California residents have bankrupted their own power company, burning it down faster than any wildfire could have hoped

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Image: California residents have bankrupted their own power company, burning it down faster than any wildfire could have hoped

(Natural News) California power company Pacific Gas and Electric (PG&E) is headed for financial disaster thanks to a growing number of wildfire lawsuits, and the very residents behind these suits could be facing a long summer full of power outages as a result.

Created in the mid-1800s, PG&E remains the state’s biggest provider of power and one of the biggest in the nation. Serving more than 5 million customers, their generating power comes from a variety of sources, including solar, conventional, nuclear, water and wind.

The firm is now in Chapter 11 bankruptcy for the second time in its history, after years of accumulating debt, deferred maintenance, and lawsuits. The proverbial straw that broke the camel’s back came with last year’s Camp Fire, which was the most destructive and deadliest forest fire that the state has ever seen. It destroyed roughly 19,000 homes and businesses and killed 85 people.

After PG&E’s electrical transmission lines were determined by the California Department of Forestry and Fire Protection to be the culprit behind the fire, the firm became liable for these damages; the liabilities are estimated to exceed $30 billion, significantly surpassing the utility’s fire insurance coverage of $1.5 billion.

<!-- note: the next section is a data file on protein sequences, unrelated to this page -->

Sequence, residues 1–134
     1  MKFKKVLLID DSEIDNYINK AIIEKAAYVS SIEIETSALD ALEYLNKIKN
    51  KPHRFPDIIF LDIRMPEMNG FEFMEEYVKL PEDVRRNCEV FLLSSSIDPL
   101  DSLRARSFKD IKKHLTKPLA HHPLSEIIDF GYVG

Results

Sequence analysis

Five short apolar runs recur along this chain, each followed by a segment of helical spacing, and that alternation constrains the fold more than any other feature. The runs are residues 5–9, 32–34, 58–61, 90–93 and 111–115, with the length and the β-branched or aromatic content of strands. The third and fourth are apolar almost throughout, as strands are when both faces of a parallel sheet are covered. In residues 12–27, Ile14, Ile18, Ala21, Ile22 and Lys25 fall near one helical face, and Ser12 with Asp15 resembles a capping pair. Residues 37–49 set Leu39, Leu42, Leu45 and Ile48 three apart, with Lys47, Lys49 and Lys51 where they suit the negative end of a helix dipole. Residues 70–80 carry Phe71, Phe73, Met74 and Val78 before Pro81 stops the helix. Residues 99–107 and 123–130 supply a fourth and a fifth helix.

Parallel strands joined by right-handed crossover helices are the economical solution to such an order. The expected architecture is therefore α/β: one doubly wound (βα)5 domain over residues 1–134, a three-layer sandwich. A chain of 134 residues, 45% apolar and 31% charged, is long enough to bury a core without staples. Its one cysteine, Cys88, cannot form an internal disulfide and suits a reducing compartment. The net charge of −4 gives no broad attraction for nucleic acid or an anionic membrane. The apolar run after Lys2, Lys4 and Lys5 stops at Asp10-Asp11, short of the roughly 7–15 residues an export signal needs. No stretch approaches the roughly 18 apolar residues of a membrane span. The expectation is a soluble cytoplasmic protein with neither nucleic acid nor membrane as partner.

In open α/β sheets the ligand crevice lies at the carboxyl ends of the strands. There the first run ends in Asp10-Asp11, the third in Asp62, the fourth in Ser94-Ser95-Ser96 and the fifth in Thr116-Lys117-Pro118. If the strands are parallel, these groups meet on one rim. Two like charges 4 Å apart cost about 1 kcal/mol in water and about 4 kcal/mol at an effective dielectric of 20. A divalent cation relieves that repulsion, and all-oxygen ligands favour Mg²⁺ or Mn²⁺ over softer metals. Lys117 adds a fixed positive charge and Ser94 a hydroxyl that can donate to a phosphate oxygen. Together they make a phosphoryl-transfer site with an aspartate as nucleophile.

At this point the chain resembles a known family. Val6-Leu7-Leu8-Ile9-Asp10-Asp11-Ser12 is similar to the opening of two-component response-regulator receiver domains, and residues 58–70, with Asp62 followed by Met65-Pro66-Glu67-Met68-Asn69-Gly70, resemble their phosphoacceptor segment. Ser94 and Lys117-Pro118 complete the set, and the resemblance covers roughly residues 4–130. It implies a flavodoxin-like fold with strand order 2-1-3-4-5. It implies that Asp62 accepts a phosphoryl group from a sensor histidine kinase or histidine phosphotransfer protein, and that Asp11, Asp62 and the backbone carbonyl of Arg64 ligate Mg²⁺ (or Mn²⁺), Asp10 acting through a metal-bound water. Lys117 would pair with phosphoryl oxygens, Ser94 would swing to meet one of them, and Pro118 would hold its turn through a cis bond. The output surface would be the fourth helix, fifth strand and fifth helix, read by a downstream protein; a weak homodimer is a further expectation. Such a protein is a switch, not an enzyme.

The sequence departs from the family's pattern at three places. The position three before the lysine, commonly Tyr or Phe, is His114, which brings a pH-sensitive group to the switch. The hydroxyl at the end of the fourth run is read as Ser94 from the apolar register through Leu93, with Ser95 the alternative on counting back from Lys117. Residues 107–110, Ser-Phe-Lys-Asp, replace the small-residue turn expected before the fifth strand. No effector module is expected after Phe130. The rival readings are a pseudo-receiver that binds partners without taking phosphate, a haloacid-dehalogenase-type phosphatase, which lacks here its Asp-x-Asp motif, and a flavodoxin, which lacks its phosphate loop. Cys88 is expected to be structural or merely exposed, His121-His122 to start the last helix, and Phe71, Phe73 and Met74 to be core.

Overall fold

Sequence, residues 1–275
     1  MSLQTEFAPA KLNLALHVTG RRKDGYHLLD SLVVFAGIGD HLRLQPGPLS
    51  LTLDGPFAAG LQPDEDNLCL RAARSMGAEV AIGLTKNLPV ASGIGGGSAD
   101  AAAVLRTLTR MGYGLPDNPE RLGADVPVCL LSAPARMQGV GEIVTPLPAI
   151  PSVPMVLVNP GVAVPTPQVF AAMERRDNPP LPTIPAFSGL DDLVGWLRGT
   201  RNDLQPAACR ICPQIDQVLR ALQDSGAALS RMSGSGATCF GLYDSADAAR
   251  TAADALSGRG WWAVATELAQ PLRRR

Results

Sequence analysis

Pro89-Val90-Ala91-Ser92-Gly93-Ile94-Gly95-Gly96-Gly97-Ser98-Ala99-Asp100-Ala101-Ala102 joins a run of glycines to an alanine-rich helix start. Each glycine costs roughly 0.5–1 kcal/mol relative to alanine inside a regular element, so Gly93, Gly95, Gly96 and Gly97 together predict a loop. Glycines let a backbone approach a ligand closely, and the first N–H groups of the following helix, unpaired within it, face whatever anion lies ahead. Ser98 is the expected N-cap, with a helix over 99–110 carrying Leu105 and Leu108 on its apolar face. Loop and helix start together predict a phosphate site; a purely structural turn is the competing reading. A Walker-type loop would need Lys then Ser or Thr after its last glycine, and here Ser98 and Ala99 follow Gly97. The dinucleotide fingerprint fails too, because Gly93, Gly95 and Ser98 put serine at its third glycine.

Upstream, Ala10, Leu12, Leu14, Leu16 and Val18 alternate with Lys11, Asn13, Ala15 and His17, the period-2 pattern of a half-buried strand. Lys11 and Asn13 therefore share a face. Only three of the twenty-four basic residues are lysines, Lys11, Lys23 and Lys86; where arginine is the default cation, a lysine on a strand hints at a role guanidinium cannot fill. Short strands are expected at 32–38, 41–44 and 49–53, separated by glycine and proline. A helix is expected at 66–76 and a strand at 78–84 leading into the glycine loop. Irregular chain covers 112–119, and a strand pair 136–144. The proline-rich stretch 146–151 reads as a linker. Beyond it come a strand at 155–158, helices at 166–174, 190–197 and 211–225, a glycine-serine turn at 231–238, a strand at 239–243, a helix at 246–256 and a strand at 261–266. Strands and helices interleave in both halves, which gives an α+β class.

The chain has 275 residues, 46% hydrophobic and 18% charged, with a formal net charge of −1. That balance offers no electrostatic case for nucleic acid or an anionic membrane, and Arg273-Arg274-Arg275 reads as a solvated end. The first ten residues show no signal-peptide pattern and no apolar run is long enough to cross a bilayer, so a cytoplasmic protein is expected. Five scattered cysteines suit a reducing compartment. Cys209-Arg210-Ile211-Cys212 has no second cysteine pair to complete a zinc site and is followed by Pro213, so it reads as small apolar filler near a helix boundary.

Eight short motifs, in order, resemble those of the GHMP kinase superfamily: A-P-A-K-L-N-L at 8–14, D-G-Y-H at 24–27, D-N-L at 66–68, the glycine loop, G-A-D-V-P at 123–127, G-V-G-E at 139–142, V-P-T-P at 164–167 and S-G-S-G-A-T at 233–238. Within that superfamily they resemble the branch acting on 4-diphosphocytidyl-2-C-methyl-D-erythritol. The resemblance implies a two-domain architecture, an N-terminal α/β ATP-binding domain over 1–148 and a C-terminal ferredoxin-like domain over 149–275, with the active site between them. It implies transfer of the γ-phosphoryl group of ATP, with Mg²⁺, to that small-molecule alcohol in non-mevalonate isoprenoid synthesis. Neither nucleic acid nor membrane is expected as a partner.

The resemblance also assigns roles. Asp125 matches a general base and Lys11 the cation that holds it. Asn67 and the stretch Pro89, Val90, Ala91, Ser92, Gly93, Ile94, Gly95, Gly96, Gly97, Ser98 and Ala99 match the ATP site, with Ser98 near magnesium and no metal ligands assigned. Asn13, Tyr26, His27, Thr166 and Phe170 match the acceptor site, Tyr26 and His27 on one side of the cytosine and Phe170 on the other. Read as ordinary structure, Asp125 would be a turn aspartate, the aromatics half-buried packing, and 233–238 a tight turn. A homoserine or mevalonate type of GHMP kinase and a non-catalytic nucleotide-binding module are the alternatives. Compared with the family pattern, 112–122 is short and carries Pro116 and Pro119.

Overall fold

PG&E no stranger to lawsuits

Earlier this month, Governor Gavin Newsom signed a bill that set up a $21.5 billion wildfire relief fund and imposed a 2020 deadline for PG&E to get out of bankruptcy if it wants to take part in the fund.

This isn’t the first time the company has had to make some big payouts; they were forced to shell out $333 million in 1996 to settle claims they had dumped over 350 gallons of poisoned water into California ponds.


The company has been scrutinized for its role in the Camp Fire, with executives reportedly aware of the problems with the transmission lines that ultimately caused the fire but failed to act on that information and upgrade them. In 2017, it was estimated that the firm’s transmission towers were already three years older, on average, than the mean life expectancy assigned to such towers of 65 years; some were even as old as 108 years.

Californians are already paying among the highest electrical power rates in the nation, which is a big factor in the high cost of living there. The utility announced earlier this summer that they plan to shut off power to millions of residents on windy days as the state’s electric infrastructure moves toward collapse.

As the next wildfire season in California kicks into high gear, it should be a priority for them to carry out the necessary upgrades and inspect the grid for hazards. Of course, they can’t do that when the lawsuits keep piling up. They’re already treading a fine balance between paying victims and keeping the lights on without burning everything to the ground. These lawsuits have brought the company to the brink of disaster, which could end up leaving California residents without any power at all. After all, how can they devote more money to safety when they have to settle so many claims?

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